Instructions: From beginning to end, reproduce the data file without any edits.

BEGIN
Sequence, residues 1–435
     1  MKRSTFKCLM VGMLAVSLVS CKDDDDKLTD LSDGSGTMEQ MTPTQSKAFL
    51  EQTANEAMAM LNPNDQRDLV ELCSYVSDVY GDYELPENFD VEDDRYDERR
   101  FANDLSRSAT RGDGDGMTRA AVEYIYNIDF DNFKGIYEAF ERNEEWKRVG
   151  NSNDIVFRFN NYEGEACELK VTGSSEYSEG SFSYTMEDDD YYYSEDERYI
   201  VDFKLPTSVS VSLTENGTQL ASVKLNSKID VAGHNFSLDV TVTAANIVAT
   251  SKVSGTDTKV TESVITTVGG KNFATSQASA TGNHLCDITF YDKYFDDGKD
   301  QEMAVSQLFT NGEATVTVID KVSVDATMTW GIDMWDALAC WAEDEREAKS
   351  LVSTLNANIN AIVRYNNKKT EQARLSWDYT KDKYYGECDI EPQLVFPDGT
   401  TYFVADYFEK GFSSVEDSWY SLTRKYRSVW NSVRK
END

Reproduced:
Sequence, residues 1–435
     1  MKRSTFKCLM VGMLAVSLVS CKDDDDKLTD LSDGSGTMEQ MTPTQSKAFL
    51  EQTANEAMAM LNPNDQRDLV ELCSYVSDVY GDYELPENFD VEDDRYDERR
   101  FANDLSRSAT RGDGDGMTRA AVEYIYNIDF DNFKGIYEAF ERNEEWKRVG
   151  NSNDIVFRFN NYEGEACELK VTGSSEYSEG SFSYTMEDDD YYYSEDERYI
   201  VDFKLPTSVS VSLTENGTQL ASVKLNSKID VAGHNFSLDV TVTAANIVAT
   251  SKVSGTDTKV TESVITTVGG KNFATSQASA TGNHLCDITF YDKYFDDGKD
   301  QEMAVSQLFT NGEATVTVID KVSVDATMTW GIDMWDALAC WAEDEREAKS
   351  LVSTLNANIN AIVRYNNKKT EQARLSWDYT KDKYYGECDI EPQLVFPDGT
   401  TYFVADYFEK GFSSVEDSWY SLTRKYRSVW NSVRK